Sunday, September 23, 2007

Unusual Ingredients

If you can bake a batch of chocolate chips cookies you will never be without friends. Or, at least that's my motto.

I don't know anyone who doesn't like chocolate chip cookies. Although I have my favorite recipes, I always seem to be drawn to new ones. My signature cookies are "Busy-Bee Chippers" from the Better Homes and Gardens Cookies and Candies cookbook. I still have my copy, a 1966 edition, where I wrote, many years ago, advice for future batches...."watch timimg, burn very easily...Good, easy too, you can taste the honey alot, and boys luv um."
You can probably guess how old I was when I first starting baking. Above that recipe on the same page is another for Oatmeal Chip Cookies which I gave a Very Good rating. But somehow, I identified more with the Busy-Bee Chippers. I remember thinking how unique it was to use honey instead of granulated white cane sugar. Even as a suburban kid in the 60's I understood the increasing importance for more healthful ingredients.

In her cookbook, Super Natural Cooking, Heidi Swanson introduces a number of interesting ingredients which can transform the most standard of food items. In reading her book it quickly became clear that I could not embark on her recipes in my usual manner. No substitutions to use whatever I had on hand. The fun of her book is finding the ingredients she recommends. What a reward I received when I followed her chocolate chip cookie recipe, exactly as stated...even using whole-wheat pastry flour. But the big secret? Mesquite flour. She writes in her book: "Chances are you're new to mesquite flour, a wonderful, fragrant flour made from the ground-up pods of the mesquite tree." Trust me, it is worth searching for this unique flour and making her Mesquite Chocolate Chip Cookies. Everyone will love these...not just the boys!!!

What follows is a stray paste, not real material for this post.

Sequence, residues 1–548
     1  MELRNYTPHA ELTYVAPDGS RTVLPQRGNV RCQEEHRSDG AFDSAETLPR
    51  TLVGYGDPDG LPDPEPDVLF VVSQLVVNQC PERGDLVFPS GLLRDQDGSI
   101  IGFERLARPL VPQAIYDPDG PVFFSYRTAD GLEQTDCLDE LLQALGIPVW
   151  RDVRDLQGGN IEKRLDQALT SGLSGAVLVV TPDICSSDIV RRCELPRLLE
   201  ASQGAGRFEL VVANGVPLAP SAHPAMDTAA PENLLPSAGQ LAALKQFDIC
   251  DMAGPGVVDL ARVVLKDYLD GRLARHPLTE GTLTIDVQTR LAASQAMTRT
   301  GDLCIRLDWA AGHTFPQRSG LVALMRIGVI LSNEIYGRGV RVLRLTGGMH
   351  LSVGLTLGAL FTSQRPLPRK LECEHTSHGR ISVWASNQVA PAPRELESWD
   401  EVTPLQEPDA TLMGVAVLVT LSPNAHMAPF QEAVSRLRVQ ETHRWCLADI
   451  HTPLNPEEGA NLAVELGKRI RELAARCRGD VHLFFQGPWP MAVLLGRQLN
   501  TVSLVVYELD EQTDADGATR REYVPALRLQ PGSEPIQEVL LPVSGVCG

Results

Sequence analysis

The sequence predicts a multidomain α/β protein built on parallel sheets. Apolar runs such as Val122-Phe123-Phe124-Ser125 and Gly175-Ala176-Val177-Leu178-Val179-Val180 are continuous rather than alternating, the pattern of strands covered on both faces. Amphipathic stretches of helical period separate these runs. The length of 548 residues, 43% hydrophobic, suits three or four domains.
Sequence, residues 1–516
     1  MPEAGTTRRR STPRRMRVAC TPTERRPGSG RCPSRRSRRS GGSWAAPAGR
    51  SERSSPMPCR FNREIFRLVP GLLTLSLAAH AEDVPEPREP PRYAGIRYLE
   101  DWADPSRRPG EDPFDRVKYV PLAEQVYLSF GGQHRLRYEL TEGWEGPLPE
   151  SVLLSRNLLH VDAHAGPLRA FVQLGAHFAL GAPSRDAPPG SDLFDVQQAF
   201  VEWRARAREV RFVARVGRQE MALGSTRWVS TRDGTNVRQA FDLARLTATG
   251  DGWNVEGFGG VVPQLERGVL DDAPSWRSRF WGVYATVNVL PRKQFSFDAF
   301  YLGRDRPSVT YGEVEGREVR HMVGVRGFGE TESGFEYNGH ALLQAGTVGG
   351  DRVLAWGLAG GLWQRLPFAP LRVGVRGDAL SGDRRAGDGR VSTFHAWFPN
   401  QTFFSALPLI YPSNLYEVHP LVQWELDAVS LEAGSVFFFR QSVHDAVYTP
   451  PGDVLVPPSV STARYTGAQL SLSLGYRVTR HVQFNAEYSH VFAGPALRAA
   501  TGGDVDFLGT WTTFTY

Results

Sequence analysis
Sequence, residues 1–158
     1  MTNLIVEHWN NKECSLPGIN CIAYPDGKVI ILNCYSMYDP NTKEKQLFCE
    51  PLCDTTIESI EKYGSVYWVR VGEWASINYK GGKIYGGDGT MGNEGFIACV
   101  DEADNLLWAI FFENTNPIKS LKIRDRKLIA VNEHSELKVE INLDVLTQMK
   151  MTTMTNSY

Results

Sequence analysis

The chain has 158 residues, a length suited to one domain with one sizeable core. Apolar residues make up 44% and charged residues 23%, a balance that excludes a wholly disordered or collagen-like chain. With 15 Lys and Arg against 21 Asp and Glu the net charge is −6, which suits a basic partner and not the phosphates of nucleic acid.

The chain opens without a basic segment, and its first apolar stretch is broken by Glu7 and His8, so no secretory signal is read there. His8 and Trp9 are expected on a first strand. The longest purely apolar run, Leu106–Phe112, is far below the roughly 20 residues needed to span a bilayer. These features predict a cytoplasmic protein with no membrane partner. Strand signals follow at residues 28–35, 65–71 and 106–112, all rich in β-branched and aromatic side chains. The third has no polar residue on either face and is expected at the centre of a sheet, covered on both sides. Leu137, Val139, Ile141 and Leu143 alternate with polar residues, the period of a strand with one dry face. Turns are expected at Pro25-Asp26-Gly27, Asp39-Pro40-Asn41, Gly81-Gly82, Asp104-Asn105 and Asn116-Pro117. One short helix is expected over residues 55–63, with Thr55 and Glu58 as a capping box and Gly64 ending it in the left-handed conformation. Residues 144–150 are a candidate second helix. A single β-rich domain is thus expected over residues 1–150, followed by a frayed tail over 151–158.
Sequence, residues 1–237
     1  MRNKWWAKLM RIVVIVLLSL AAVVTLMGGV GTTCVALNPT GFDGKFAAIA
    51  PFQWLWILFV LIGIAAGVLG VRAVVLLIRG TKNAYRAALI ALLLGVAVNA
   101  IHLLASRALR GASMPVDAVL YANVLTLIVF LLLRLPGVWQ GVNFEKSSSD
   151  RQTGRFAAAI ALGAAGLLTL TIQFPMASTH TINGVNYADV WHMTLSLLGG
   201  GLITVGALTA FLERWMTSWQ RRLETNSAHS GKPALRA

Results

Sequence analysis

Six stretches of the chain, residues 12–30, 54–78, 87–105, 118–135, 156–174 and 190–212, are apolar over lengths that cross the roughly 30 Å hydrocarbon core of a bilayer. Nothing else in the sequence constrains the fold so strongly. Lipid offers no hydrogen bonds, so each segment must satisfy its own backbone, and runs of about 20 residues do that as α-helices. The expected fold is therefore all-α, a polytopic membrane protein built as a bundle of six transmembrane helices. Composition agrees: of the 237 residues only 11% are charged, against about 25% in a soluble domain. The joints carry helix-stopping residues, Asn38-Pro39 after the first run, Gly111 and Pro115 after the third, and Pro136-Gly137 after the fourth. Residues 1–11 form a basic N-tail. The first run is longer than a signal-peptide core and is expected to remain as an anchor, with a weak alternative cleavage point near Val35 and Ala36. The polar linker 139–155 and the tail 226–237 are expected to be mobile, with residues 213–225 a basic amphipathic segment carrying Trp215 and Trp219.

T.W. Barritt said...

We sure have many more ingredients available than we did in the 1960s, when honey seemed an exotic way to go. I may have that Better Homes cookbook somewhere ...

Valli said...

Mesquite flour!! I don't suppose it would work to grind up the mesquite chips for my BBQ to replace the flour. Wink...wink...The cookies look and sound wonderful. I am all for trying new ingredients, but, will have to search in our neck of the woods. I am still looking for masa farina or any substitute.